The Fresh Loaf

News & Information for Amateur Bakers and Artisan Bread Enthusiasts

Semolina pasta- ravioli with ricotta/mushroom filling

trailrunner's picture

Semolina pasta- ravioli with ricotta/mushroom filling

We have had this ravioli plate for decades. My mother-in-law had it and when she and my father-in-law passed we inherited it. We have never used it. I often thought about tossing it but never did. The other day David mentioned ravioli on my pasta post. Well that started the wheels pun intended :) My DH made his usual pasta dough and then I looked up a few YouTube videos on ravioli and we were off. Three dozen later I can honestly say this is VERY easy. I took photos to show step by step. The filling is 4oz of baby bella mushrooms sauteed with 1/2c chopped onion and 2 minced garlic cloves till dry. salt and pepper to taste. Cool and add 1 c ricotta and 1/2c grated parmesan and some minced fresh basil. This will fill 3 dozen ravioli. 

filling: Photobucket ravioli plate, dust lightly with flour: Photobucket shape indents with plastic plate: Photobucket fill with 1 tsp filling...don't overfill and brush lightly w/water between and around eachPhotobucket top sheet of pasta: Photobucket roll over HARD with the rolling pin: Photobucket pull off extra and save to reroll: Photobucket turn over plate and drop onto semolina dusted pan: Photobucket 3 dozen : Photobucket Things to do differently. It says everywhere to use the finest setting, which is 6 on our machine. In the future we will use 5 for the first layer that the filling goes into and 6 for the cover. The reason is that I know a couple of these are going to burst. Leading to the next thing I will NOT overfill next time. Other than that it all went beautifully. It helps to have 4 David pointed out he and his DW ( dear wife) do this together. So harness a helper and get started. c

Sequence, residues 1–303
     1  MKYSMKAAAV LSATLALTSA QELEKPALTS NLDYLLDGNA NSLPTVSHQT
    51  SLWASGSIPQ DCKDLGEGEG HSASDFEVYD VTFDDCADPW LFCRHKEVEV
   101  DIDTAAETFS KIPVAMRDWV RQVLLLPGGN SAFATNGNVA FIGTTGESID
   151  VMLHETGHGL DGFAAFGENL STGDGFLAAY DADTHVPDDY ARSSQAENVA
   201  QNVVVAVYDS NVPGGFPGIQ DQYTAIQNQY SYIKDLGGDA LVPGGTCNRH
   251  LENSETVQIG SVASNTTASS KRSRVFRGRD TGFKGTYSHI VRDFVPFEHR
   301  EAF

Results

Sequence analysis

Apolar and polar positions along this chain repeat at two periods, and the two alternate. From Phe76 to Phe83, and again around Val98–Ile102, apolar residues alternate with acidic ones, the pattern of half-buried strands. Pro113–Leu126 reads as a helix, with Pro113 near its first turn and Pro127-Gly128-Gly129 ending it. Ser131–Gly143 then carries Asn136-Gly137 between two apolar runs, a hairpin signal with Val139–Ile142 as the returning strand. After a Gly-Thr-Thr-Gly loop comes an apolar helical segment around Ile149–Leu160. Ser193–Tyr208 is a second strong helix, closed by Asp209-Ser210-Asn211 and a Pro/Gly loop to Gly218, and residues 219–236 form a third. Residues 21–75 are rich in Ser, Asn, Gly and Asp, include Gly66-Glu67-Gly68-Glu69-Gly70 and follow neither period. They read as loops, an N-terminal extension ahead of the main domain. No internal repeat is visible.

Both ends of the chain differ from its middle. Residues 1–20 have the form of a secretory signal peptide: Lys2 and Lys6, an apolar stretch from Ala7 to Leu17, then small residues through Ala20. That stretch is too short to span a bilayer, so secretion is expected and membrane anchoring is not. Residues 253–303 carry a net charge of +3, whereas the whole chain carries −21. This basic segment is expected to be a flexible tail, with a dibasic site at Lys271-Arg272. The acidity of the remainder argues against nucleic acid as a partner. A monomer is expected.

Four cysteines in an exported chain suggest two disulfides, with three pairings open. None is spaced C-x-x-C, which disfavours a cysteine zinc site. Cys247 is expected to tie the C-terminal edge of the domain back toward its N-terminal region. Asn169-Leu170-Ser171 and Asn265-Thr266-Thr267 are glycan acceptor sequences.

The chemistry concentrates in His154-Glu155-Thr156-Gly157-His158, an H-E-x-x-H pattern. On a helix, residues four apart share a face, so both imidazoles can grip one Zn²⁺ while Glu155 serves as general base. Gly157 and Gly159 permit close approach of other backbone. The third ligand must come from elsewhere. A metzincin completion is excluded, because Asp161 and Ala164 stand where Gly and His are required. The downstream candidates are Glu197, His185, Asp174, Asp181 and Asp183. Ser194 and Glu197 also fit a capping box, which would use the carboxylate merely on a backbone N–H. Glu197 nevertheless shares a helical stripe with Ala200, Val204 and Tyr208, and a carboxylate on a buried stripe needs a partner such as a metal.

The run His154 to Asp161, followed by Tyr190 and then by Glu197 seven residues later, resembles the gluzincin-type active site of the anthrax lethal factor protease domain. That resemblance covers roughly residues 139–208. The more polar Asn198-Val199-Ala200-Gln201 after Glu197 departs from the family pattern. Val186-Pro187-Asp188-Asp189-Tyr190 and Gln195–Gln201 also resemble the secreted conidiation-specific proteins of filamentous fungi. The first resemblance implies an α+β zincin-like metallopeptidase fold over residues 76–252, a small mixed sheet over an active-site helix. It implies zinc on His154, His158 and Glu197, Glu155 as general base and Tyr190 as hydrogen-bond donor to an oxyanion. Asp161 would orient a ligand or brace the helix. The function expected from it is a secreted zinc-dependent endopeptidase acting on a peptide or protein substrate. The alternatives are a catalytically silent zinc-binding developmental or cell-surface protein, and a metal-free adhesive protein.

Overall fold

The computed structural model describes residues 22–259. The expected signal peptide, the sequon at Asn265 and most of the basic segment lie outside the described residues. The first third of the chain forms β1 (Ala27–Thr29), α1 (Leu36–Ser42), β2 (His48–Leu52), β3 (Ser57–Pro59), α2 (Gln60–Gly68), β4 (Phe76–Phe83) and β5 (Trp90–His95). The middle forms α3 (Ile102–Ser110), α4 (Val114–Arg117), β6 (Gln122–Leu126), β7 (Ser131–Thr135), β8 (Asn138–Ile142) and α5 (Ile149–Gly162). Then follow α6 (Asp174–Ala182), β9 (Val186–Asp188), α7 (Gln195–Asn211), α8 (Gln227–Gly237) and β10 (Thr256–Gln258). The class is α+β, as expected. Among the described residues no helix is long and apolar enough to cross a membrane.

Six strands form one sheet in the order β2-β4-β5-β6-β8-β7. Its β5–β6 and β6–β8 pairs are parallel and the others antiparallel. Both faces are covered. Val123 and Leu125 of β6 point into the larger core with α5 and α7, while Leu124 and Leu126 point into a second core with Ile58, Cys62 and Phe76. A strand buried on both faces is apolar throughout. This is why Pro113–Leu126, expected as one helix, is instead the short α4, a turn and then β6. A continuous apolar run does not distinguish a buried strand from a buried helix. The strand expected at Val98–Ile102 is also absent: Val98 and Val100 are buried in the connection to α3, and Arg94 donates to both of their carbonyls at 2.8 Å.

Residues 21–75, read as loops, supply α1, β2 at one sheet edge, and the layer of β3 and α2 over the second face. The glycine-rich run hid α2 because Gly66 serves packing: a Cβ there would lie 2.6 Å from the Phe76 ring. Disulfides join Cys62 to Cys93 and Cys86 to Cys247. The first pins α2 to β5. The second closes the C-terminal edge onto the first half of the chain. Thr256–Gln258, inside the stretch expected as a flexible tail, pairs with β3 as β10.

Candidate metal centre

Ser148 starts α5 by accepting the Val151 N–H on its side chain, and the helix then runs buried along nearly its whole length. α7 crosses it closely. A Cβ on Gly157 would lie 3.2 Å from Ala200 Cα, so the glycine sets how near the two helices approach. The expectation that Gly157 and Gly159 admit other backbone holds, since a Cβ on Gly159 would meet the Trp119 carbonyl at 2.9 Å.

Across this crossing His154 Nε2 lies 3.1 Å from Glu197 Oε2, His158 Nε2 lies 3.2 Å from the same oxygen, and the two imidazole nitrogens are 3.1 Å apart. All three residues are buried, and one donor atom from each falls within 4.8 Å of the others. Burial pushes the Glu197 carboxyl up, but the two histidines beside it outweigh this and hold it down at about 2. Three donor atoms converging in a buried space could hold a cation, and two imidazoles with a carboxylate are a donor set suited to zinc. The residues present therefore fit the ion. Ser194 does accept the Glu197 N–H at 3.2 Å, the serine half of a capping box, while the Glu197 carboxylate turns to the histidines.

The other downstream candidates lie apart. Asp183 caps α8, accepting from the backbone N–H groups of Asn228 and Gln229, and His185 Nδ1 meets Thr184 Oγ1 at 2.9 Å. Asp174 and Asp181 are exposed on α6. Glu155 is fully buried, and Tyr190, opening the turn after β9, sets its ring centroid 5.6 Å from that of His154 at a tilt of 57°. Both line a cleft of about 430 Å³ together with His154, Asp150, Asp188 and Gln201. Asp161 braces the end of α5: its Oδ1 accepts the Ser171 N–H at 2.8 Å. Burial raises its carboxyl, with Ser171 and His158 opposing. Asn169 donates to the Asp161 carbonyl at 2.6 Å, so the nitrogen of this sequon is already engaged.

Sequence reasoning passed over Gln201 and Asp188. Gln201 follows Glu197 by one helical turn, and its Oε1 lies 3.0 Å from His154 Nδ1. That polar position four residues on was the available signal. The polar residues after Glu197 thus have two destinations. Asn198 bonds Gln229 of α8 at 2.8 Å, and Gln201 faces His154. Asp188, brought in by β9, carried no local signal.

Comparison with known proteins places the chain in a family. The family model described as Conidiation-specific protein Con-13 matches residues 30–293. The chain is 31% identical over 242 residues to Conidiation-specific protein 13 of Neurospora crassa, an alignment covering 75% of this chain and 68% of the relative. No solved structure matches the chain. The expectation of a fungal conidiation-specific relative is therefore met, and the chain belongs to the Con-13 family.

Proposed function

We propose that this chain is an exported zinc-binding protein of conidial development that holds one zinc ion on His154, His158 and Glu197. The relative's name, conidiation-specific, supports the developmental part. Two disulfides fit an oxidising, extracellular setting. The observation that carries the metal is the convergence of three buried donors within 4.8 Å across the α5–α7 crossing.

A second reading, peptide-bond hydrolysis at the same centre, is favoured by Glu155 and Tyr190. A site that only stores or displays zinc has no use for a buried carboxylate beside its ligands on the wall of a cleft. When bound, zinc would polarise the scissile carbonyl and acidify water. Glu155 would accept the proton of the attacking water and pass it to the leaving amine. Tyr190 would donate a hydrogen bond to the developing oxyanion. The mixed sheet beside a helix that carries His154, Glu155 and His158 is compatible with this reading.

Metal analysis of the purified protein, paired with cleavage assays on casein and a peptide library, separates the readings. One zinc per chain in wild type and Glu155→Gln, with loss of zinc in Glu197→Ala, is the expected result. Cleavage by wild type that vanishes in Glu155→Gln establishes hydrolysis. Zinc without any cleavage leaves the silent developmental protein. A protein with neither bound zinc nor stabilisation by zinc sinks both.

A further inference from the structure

dmsnyder's picture

Maybe I can talk said DW into a ravioli project ... Hmmmm ... Two doughs fermenting and a NYB test recipe to make .... But those sure are tempting ... Quick phone call to DW who is at WFM at this moment .... Nope. It's Salmon cakes. Can't argue with one of my favorite foods. Maybe next week.


nicodvb's picture

and with an exceptional filling!

trailrunner's picture

I love salmon cakes ! I didn't get any bread going since we are leaving early in the AM. I have a lot of things I want to try when I get home.Thank you David. 

Thank you nico ! 

Candango's picture

Trailrunner, the ravioli and filling were beautifully done and thanks for the excellent photos.  I will say that it certainly does help to have the ravioli maker form to help shape a dozen at a time.  My last experience (last month) was in making the Russian/Siberian meat filled dumplngs - Pirozhki - by hand, having cut the dough circles with a three inch glass.  It did take a while.  But then I was working alone, without assistance of DW.  Ah well...